Meanwhile, there is a modern public toilet at the archaeological site. It's seatless, and the toilet paper is stashed up on top of the high tank.
Of course, they didn't use toilet paper back in the era of the oracle! If water was not available, the Greeks used πεσσοι or pessoi, small stones, to clean themselves after defecating. The tradition started with the ancient Greeks that three stones should be enough to finish the job. This convention has been very long lived, with a hādīth attributed to Muhammad specifying three stones as the ideal number for anal cleaning. The pessoi were also used in an ancient board game in Greece. Aristophanes wrote a scene involving pessoi in Peace in the 5th century. Here's the Penguin Classics translation:
Arms dealer [displaying a cuirass]: And what, alack, shall I do with this rounded cuirass, a beautiful fit, worth ten minas?
Trygaeus: Well, that one will not make a loss for you, anyway. Give me that at cost price. It will be very convenient to crap in ...
Arms dealer: Stop this impudent mockery of my goods!
Trygaeus [placing the cuirass on the ground like a chamber pot and squatting on it]: Like this, if you put three stones beside it. Is it not clever?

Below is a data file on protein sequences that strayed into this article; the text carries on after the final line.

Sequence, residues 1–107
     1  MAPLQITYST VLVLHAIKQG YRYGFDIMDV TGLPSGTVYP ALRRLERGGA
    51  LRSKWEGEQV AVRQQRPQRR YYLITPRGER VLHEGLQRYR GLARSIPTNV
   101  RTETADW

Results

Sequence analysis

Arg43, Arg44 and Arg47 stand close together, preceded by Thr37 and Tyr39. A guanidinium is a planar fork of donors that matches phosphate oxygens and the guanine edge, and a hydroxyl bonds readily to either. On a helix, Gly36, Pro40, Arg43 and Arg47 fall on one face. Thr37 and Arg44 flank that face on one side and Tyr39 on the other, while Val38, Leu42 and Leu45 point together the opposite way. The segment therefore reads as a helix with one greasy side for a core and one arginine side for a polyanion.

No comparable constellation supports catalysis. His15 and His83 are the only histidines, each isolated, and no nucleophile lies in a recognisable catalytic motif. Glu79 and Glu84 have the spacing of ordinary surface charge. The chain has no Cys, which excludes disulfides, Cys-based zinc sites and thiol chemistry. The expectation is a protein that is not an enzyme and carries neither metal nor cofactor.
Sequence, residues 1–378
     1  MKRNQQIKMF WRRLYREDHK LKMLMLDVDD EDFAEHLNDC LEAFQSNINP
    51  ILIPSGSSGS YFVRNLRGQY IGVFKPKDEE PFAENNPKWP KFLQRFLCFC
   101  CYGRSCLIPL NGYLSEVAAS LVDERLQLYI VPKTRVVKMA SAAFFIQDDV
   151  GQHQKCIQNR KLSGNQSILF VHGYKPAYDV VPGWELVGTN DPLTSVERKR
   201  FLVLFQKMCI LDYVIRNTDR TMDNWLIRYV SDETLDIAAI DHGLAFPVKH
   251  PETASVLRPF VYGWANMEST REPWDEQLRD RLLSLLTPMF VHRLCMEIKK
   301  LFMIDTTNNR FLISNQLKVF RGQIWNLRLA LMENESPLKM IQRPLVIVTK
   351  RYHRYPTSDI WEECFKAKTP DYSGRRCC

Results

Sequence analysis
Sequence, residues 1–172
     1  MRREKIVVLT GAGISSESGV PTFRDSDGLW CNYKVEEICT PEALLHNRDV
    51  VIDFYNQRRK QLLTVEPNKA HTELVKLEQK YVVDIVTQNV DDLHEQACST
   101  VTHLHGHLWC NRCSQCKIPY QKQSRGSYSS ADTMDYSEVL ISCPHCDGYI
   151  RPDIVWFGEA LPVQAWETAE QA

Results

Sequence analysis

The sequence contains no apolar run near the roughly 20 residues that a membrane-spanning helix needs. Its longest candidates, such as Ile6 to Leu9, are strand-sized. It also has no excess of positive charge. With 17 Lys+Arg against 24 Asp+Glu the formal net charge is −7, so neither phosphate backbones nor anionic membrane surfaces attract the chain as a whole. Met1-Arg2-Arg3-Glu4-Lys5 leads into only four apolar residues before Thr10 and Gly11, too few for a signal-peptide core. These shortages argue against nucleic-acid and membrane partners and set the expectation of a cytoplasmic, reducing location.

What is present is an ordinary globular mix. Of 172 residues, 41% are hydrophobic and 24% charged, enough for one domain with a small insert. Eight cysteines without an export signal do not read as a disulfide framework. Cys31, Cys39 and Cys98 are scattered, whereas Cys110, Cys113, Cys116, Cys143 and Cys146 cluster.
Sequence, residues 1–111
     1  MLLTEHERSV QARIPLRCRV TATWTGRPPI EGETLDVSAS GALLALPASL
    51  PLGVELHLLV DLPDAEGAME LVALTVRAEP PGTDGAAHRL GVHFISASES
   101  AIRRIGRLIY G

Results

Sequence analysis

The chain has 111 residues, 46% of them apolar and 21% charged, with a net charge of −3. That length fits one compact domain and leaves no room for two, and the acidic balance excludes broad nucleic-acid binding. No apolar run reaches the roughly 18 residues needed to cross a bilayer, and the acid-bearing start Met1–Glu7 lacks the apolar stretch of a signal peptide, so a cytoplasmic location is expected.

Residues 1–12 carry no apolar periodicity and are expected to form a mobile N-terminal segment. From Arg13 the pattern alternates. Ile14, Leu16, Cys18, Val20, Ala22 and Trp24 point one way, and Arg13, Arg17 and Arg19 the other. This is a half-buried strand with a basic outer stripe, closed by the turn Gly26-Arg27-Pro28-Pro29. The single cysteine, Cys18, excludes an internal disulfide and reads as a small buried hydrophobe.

The Greeks would use όστρακα or ostraka, small pieces of broken ceramic goods, to vote to shun or ban their opponents. This is where we get the word ostracize. Some scholars have suggested that the ostraka could be used as pessoi, literally wiping your feces onto the names of hated individuals. The abrasive characteristics of broken ceramic material suggest that long-term used of these as pessoi could have resulted in localized irritation at the least, progressing to skin or mucosal damage or the irritation of external hemorrhoids. For more on toilet use of pessoi and ostraka and the medical implications see the paper "Toilet hygiene in the classical era", Philippe Charlier, Luc Brun, Clarisse Prêtre, and Isabelle Huynh-Charlier, in BMJ (the British Medical Journal) 2012;p345-346.